Risk Sentiments Continue to Drive The USD Performance

In last week’s edition of “Saturday Sit Down”, we touched on how traditional markets like forex moved at “a slower change of pace”. Things, however, seem to be quickly picking up, as they often can in financial markets. While the last few weeks have been relatively quiet on the news front, but as we look ahead, it seems we have a stacked economic calendar moving forward.

We’ll start off by covering the US side of the market, considering every pair that will be mentioned is traded against USD. On Wednesday, US industrial production figures were released, which measure the output of factories and other utilities. This figure rose 5.4% in June, beating expectations of around 3.5%—4%. These numbers are undoubtedly a positive sign, but the more anticipated data will be the weekly jobless claims provided by the US on Thursday, July 16th. In the past, these figures have provided riskier assets with direction, so there’s reason to believe they will do so again on Thursday.

Determining the current risk sentiment is incredibly vital for evaluating the forex space. As we’ve seen since the pandemic took hold in early March, USD performance appears to be driven by risk sentiment. While the world’s investors were fleeing risky-heavy assets like equities, the DXY (US dollar currency index) plummeted, falling nearly 7% in four months. Many pairs have seen gains against the dollar for this reason, but it’s important to remember how closely intertwined investors’ risk preference is with forex performance, primarily related to the dollar.

With some background given on USD’s current state, we move on to cover GBP/USD. On Wednesday, July 15th, the UK’s top financial officer, Rishi Sunak, appeared before the Treasury Committee to speak on the tough road ahead for the country’s finances. The UK’s GDP had declined by 21.2% between May and June. Manufacturing production was equally as dull, with the figure at -22.8. Sunak said that the data “underline the scale of the challenge,” which is why he set forth on his job creation plan last week. One positive sign was Britain’s retail sector, which showed a 2% increase in retail sales. All things considered, however, this one glimmer of hope in the retail sector was not enough to elate investor’s worries, evidenced by the failed breakthrough of GBP/USD at the 1.26 level. At this point, GBP/USD appears technically bearish, although it’s difficult to say which way this will head, given the uncertainty of its trading pair, the USD.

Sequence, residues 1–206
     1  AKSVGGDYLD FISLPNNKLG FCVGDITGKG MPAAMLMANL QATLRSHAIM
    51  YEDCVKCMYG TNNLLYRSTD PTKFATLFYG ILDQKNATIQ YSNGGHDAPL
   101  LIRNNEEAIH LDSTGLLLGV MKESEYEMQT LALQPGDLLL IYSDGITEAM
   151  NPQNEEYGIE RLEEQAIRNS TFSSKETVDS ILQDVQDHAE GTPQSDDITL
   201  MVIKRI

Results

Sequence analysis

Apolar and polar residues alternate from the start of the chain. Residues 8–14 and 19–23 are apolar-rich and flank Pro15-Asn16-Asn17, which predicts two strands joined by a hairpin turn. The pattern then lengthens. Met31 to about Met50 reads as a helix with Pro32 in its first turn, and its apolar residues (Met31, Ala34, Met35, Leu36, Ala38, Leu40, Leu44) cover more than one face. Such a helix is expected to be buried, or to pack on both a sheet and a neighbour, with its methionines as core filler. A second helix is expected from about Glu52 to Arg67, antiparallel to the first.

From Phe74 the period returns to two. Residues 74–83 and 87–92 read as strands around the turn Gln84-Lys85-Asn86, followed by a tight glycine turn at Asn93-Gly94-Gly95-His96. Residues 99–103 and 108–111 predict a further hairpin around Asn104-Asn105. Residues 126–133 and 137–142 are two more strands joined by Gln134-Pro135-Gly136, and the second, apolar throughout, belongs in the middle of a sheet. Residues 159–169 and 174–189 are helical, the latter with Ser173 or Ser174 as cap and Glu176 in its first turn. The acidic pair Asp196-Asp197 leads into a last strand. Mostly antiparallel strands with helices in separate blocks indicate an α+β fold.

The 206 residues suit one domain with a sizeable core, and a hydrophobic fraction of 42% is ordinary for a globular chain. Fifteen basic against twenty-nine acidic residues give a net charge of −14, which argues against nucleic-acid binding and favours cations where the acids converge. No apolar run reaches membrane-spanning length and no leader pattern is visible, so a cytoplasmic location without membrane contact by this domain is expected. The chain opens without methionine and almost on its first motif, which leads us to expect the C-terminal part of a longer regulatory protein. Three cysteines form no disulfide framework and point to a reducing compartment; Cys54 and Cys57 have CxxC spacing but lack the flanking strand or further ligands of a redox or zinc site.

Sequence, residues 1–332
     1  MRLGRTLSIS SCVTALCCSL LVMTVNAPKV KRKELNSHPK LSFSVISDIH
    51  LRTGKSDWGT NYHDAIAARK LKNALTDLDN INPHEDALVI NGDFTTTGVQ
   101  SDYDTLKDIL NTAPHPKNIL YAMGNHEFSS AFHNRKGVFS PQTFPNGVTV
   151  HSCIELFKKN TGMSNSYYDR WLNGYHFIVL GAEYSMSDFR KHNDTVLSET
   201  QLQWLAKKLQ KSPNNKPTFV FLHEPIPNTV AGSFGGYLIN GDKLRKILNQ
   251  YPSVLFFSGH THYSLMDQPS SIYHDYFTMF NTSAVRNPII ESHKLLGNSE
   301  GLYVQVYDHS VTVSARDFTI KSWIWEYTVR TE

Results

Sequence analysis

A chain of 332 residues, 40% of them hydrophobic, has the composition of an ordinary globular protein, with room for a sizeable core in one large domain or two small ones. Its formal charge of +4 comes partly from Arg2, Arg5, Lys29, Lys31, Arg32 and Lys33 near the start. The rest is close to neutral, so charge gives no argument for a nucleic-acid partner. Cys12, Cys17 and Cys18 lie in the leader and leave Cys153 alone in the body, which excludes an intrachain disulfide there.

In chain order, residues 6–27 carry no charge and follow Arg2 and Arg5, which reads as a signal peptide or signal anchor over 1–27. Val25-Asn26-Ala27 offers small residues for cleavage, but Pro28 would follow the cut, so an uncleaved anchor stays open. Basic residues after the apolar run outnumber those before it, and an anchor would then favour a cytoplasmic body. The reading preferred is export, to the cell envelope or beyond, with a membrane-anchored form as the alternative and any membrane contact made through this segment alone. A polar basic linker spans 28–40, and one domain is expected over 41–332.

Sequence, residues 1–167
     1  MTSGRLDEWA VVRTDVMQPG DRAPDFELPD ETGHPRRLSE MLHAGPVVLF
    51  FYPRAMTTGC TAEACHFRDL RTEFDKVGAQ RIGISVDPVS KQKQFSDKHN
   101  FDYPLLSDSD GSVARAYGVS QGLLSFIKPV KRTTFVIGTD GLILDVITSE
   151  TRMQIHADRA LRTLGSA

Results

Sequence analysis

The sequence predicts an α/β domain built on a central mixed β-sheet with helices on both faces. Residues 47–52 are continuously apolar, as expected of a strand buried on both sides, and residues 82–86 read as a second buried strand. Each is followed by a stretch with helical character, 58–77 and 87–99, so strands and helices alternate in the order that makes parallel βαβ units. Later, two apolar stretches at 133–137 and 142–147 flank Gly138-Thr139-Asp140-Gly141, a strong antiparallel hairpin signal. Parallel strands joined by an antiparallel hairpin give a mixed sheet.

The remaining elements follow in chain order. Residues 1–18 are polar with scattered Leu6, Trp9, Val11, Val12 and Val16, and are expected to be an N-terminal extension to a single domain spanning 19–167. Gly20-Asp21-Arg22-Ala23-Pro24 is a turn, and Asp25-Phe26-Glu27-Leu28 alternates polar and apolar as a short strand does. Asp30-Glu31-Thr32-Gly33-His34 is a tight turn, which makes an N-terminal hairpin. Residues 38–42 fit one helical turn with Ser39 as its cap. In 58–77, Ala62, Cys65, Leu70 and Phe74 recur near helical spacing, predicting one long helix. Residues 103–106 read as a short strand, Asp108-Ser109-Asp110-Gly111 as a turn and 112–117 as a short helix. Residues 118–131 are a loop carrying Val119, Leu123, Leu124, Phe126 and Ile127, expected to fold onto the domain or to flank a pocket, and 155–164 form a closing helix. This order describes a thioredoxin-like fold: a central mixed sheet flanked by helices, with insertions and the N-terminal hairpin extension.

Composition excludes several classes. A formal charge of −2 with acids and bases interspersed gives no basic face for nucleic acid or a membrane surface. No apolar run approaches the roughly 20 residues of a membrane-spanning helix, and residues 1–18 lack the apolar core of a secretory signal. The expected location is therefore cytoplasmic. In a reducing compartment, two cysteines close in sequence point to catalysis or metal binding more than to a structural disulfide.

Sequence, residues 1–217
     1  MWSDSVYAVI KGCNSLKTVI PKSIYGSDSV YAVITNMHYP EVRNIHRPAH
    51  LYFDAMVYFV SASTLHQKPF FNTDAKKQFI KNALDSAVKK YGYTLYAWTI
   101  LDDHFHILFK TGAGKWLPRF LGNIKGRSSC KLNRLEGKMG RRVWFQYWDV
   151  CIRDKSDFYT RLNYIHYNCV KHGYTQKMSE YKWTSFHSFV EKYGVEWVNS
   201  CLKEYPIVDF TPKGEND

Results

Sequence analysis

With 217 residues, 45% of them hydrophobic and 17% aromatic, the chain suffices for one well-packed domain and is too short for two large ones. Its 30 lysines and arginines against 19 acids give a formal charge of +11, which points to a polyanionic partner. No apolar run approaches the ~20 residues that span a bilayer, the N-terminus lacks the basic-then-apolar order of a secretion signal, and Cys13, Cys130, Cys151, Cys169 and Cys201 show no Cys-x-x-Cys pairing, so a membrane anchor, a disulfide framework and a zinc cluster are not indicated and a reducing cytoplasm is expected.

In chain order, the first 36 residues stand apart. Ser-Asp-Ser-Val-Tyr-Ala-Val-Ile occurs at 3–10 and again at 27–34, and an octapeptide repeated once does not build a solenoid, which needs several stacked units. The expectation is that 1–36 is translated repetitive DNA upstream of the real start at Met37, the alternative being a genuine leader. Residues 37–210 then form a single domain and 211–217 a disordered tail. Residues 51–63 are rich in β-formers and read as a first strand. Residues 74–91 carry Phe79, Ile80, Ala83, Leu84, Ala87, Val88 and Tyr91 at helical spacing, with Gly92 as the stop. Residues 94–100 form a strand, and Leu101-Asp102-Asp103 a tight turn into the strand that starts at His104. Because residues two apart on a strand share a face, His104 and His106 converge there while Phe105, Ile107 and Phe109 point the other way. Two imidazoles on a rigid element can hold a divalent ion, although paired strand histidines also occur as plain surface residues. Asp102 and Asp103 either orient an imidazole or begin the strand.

Moving on from the British Pound, we take a look at the EUR/USD pair next. On Wednesday, July 15th, EUR/USD pushed up and past the 1.14 resistance level. It currently sits at 1.14158 at the time of writing, which is a level not seen by EUR/USD in nearly four months. This rise comes in the midst of a busy week for the Eurozone, as member countries are expected to provide inflation, trade, and manufacturing data for the past month. Despite this data’s significance, most traders and investors have their eyes set for Thursday, July 15th, where the European Central Bank will finalize their monetary policy decisions. No “new” news is expected out of this July meeting, which is obviously subject to change. Regardless of any changes, this meeting should undoubtedly provide direction for the EUR/USD pair through July.

Switching over to the USDJPY pair, we see a relatively quiet week ahead compared to the Euro and the Pound. The only economic data expected out of Japan will be the finalized industrial production for May, which many analysts believe will do little to impact the Yen. For a safe haven asset like USDJPY, it’s essential to keep a close eye on external factors like Covid-19, the USD performance, and global risk sentiment.

Lastly, in the news this week, at Twitter.com, one of the world’s largest social media platforms, many prominent accounts, ranging from US presidential candidates to Tech CEOs, got exploited, Bill Gates, Apple Inc, and many more. This exploit caused over 7.5M in Bitcoin losses and counting, as these spam accounts impersonated famous figures in a massive crypto scam.

This egregious security error and PR nightmare have led to Twitter’s stock sliding over 4% in after-hours trading. In direct contrast to traditional equities markets, after-hours trading is something that just doesn’t exist in Cryptocurrency markets, the world’s first truly global market, where it’s always on 24/7. So while you may have some daily trading breaks in traditional markets, you can’t help to stay tuned into accessible digital assets such as BTC/USD and ETH/USD, and both pairs are proudly available around the clock at Overbit.com.

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